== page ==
I did my 1st product launch recently, it was a success, but it would of been so much better if I would of had IM Checklist Volume 1 – Product Creation, by my side…I would not of wasted so much time and missed a few key pieces like leaving my buy button live before the actual launch date started!Another great thing about IM Checklists is they come in many different formats…I have been using the Google Sheets version and it has changed the way I do my affiliate promos…Because they are more than just checklists they provide training and insight into things like market research and different marketplaces, also things like how to get approval as an affiliate…This alone would of saved me a lot of time and anguish, when I 1st got started…I could go on and on, oh yeah and they come with PLR rights so I can and do use them for lead magnets and bonuses…Fantastic product, 5 stars for sure…I highly recommend IM Checklists to anyone and everyone that will listen…
The crux of this problem is while the world around us is becoming more and more complex, we’re still stuck with a brain that hasn’t changed much in 100,000 years. Sure, we’ve figured out ways to off-load memory storage to books and computers so we can know more; we just haven’t figured out a good way to overcome our evolved biases, cognitive flaws, and intrinsic forgetfulness. And so, despite owning a brain brimming with ever more knowledge, we continue to make stupid mistakes.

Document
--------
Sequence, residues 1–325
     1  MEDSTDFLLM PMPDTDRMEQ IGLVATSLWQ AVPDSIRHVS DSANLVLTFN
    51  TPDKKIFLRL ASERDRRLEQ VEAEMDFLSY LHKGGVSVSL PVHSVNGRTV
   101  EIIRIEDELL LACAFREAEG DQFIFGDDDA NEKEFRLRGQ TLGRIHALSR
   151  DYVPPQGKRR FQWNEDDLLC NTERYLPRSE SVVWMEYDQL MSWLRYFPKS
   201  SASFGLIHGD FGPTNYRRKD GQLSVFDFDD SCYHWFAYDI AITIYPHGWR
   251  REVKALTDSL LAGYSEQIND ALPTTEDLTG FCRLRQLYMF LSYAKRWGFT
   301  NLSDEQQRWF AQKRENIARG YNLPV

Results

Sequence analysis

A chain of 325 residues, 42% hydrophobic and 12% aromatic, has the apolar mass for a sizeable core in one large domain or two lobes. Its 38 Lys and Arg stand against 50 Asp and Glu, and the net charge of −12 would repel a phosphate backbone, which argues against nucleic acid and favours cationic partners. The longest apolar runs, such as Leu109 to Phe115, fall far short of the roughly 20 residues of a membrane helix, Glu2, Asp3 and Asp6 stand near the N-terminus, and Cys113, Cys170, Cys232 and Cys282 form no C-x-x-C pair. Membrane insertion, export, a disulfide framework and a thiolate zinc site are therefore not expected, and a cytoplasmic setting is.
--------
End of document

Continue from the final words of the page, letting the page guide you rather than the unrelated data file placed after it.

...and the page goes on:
It's primarally a to-do list app, but Wunderlist can also be a great tool to create checklists. It's free, runs on just about every device, and is incredibly simple to use. You can't duplicate lists, but you can make a list and share it a Public List. Anyone—on your team or around the globe—can then add the list to their account, check off the items, then add it again whenever needed. It's a workaround, one that might keep you from needing a new app just for making checklists.
Everything seemed fine, until the patient stopped responding and his heart rate skyrocketed. The patient's blood pressure was barely detectable. Nothing his medical team did improved it, so he was rushed to surgery. Only when he was opened up did the doctor finally realize the stab wound went much further inside the patient than he'd thought, cutting right into the aorta—the main artery from the heart. Although it seemed like a small knife wound, the patient had actually been struck by a bayonet—part of the assailant's costume.
The way I prepared for these tests was to take lots of practice exams under the same time constraints as the real deal. Professors often post their old law exams online so I used those. The most important part of these practice sessions was the review afterward. I’d look at my answer and compare it to the professor’s answer key. It allowed me to see which issues I missed and any analysis I forgot to include. After two or three practice exams I began to see patterns in my failures. I’d make the same mistakes over and over again, and it was often due to overlooking stupid stuff.
Google Sheets beat Microsoft to the punch and introduced a Checkbox as one of the Data Validation options. You can go to Insert > Checkbox to quickly create one, and you can customize it by going to Data > Data Validation. I've updated most of the Google Sheets versions of my checklists to use that feature. I hope Excel gets smart and introduces a similar feature some day.
As you can see, the power of checklists is not an illusory phenomenon. A famous surgeon, Atul Gawande, even wrote a book dedicated to this topic. Despite their simplicity, checklists give an extraordinary boost to organizing things in the most effective manner. Though, maybe their very simplicity underlies their power? Anyhow, you should try a few out. That is the only way to realize why you need checklists.